- I'm not using the same texture size for "raytrace buffers" and "rasterized buffers", raytrace buffers are smaller! (with bilinear filtering it looks smooth = nice)

Anyway ambient occlusion wouldn't make much sense in these days, because it'll give you similar result as screen-space ambient occlusion, but raytraced AO would be several times slower. And the last thing - raytracing speed depends very much on resolution of "scene" - so raytrace the smallest buffer you can (anyway you need to have at least some quality).
I'm not doing just reflections, refractions, GI and soft shadows using raytracing, I can render whole scene using raytracing, but it'd be slower, than combine it. Anyway reflections, refractions and GI can't be achieved correctly with rasterization (well, they can be done, but it's damn hard and damn slow - it has sense F.e. for plane).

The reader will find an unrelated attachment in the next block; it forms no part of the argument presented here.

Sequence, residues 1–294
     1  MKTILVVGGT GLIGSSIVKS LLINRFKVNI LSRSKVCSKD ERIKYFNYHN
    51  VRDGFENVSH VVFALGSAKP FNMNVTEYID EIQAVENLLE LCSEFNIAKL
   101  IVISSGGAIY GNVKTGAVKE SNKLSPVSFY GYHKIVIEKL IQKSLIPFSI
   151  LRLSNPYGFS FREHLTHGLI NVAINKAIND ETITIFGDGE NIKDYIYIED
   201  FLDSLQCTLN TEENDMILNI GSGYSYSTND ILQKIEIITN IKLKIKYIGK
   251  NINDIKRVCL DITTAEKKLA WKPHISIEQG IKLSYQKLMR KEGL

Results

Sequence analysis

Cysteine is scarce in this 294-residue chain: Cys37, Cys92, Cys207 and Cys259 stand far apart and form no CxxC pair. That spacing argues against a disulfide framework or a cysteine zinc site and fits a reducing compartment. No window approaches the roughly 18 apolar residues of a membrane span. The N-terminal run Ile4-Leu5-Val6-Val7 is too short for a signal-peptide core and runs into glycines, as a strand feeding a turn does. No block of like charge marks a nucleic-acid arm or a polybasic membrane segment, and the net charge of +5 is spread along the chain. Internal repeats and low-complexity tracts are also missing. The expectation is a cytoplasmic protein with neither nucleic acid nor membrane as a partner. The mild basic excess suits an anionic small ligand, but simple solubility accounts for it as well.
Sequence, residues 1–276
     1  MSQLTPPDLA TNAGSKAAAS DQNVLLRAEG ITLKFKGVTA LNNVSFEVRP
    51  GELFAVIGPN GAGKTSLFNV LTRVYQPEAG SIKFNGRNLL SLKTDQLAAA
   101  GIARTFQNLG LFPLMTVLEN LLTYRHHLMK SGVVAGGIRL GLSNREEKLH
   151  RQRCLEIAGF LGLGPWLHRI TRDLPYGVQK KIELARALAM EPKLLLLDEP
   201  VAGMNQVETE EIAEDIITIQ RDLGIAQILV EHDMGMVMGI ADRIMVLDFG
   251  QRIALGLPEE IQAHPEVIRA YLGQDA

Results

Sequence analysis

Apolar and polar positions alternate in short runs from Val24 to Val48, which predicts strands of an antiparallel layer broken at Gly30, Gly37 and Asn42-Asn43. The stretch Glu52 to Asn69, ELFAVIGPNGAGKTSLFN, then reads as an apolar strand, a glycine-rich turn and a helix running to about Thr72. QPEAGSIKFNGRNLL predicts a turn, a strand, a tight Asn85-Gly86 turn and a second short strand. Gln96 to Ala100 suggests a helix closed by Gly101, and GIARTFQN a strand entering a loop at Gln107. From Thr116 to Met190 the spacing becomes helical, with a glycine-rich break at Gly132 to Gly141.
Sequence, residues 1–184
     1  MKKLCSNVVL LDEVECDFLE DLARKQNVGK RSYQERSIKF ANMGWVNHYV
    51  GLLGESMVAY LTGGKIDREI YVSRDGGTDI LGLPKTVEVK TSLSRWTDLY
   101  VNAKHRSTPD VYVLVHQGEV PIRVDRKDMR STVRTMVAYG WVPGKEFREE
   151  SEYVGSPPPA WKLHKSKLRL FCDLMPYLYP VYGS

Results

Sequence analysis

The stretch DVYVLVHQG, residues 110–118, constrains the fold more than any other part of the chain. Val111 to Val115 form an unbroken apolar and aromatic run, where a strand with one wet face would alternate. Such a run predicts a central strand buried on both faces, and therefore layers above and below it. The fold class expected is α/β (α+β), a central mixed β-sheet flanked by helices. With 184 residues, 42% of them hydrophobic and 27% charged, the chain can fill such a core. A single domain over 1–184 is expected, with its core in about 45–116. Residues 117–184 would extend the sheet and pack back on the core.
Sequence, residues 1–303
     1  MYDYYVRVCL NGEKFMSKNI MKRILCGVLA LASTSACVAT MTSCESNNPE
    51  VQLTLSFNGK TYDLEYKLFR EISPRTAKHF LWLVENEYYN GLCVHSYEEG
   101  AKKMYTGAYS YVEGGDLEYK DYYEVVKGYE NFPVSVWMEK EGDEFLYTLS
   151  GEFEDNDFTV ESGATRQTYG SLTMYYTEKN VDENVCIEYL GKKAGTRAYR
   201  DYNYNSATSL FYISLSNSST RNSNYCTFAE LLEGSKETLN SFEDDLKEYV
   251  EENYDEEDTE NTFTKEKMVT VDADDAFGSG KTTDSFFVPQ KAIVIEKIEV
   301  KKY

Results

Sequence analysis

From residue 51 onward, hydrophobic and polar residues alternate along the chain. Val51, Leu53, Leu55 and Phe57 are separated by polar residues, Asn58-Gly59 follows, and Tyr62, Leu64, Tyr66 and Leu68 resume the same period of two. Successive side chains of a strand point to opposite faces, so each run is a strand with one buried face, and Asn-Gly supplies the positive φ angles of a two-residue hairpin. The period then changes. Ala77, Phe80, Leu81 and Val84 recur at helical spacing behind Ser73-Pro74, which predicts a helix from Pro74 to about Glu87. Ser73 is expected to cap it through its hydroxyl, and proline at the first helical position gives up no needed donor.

EDIT:
#Neutrinohunter - You can't use framebuffers until you've got it in the textures or until you draw it onto screen using glDrawPixels. And "raytrace buffers" aren't textures, they're just field of floats or ints or doubles or ...

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Similar question with some answers:

http://ompf.org/forum/viewtopic.php?f=4&t=657

FYI, doing glTexSubImage2D is much faster than glDrawPixels, if you use it correctly. At least it was for me at 1920x1200x32 resolution, and seems to be the case for other people.

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Vilem: The method I use is to render to my own image class, which allows me to perform sampling methods or blurring if wanted and then render that image as a texture to an FBO.

In his case, yes he may require to do a glDrawPixels, in the method I use I don't :)